There are savings to be achieved in establishing common services in financial management, personnel, catering, transport, managing the school estate, and many other areas. Changes in those areas will produce savings that can be redirected to support pupils in the classroom, the front line, where they need it most.

We must continue to work on the convergence processes in preparation for a single authority, and that is why I asked Seán Hogan and Gavin Boyd to produce a convergence delivery plan to help bring a stronger focus to convergence activities. I have received that plan, and it provides a good basis from which to move forward. It should remove duplication, streamline management and administration, and create greater efficiencies. My officials are currently holding an initial round of briefings with board members and the other bodies involved to discuss implementation. Progress can and will be made on streamlining services and improving standards. However, we will not be able to make the improvements to services that we would like to, and that we would have been able to, had the ESA been in place.

Capital investment savings of £22 million mean that we will be constrained in taking projects forward. I have commissioned a review of capital projects, and, as we move ahead, the priority afforded to individual projects will take account of the outcome of that review. I will set out clear criteria for determining priority.

As the Committee will appreciate, this is a complex process, and it is vital that it is done in a way that delivers the best possible outcome for children and young people. For that reason, I welcome and look forward to hearing the views of all Committee members. We are here to listen to what the Committee has to say, and we will do our best to answer any questions. As members understand, many of the issues are still under discussion; however, I am happy to take any comments, questions or suggestions.

The Chairperson:

Thank you, Minister.

In your letter to the Committee, dated 14 January, you said:

“It will simply not be possible to do without pain, as 70% of the education budget is salary costs. There may inevitably have to be staff reductions to deliver reductions of this scale.”

Minister, where are you when it comes to the teachers and staff who are going to lose their jobs?

The Minister of Education:

There may or may not be job losses. That is the challenge for us all. I do not want to see redundancies and I hope that that does not happen. Currently, we are looking at how to ensure that that money goes to the front line and is not spent on administration and bureaucracy as it was in the past. My aim is that we do not have redundancies, and, at present, that is what the Department is looking at.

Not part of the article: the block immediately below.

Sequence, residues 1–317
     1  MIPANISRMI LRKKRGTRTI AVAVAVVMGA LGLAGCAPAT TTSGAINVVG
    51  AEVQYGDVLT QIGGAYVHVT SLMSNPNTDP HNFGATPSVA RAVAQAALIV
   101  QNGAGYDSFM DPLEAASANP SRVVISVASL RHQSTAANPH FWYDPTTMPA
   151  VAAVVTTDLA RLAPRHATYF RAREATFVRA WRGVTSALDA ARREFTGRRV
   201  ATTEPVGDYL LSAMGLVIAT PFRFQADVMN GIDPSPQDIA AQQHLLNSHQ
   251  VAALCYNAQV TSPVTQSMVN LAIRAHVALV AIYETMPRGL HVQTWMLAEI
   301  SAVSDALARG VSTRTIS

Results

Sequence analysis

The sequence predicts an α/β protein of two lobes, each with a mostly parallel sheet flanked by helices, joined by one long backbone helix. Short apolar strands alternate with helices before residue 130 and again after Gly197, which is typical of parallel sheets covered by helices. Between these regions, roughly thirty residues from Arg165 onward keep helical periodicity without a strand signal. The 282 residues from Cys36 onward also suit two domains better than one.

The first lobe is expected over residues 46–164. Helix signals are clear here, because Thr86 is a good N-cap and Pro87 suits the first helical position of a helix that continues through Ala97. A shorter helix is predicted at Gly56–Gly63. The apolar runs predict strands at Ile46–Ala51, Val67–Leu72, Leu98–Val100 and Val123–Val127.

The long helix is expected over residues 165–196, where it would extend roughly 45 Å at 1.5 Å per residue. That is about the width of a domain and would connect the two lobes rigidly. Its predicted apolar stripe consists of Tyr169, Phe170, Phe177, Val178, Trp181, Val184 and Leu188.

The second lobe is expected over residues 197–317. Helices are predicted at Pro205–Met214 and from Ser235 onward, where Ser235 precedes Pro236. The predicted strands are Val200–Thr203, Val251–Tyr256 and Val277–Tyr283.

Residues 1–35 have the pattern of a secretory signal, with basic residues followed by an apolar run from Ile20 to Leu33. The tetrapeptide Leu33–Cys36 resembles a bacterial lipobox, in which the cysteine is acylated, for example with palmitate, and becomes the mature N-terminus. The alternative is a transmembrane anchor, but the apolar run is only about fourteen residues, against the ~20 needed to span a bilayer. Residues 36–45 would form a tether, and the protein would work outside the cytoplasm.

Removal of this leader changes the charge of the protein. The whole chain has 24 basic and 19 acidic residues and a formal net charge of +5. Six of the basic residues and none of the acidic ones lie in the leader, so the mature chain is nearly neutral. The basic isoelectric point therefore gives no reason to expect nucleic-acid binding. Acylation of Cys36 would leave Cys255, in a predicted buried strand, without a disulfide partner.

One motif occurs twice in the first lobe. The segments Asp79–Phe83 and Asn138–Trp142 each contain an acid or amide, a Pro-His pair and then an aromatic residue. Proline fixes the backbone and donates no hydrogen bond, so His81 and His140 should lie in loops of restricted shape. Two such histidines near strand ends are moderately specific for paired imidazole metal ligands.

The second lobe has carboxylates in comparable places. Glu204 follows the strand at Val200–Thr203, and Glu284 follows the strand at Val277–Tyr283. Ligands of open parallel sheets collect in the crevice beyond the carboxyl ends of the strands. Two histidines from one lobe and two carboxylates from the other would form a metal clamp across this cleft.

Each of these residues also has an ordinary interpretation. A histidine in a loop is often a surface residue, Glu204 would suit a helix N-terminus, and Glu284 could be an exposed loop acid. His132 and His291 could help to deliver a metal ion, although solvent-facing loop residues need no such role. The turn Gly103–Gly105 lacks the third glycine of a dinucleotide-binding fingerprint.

The Chairperson:

If, as originally envisaged, you move to a new structure with the ESA, is it correct that a £50 million budget will have to be spent to make those savings and to pay for redundancies, and that the return on that spend would be £20 million? In light of the fact that we have passed the deadline, and that there is no education and skills authority, how would you move toward redundancies in the sector, and would you use the £50 million that was set aside for that purpose?

The Minister of Education:

I do not want to get into details. I have said that I want to avoid redundancies, and that is one of the reasons that we are moving towards the ESA. I am still very hopeful that that will go through the appropriate stages in the Executive and Assembly, so that we can move on that as quickly as possible.

We do not have time to waste on this. We are spending far too much money on bureaucracy. We, collectively, face a choice: do we need managers or do we need teachers? I know what we need, and I believe that we have enough managers. In fact, there are too many managers in many cases, and services are being duplicated. We need money for the front line, and the sooner that we move towards the ESA the better. John, do you wish to come in on that point?

The Chairperson:

Before John comes in, I wish to pick on your point about the need for teachers as opposed to managers. Surely, that is at total variance with the structures that were proposed, given that the chief executive designate describes himself as a manager, and that he is not content with having three or four managers around him. My understanding is that there are currently nine other managers. The Department wants to move to a system that has as much bureaucracy as the current system. From looking at the overall budget for those nine managers and the chief executive, it is clear that they are not on £25,000 each a year.

The Minister of Education: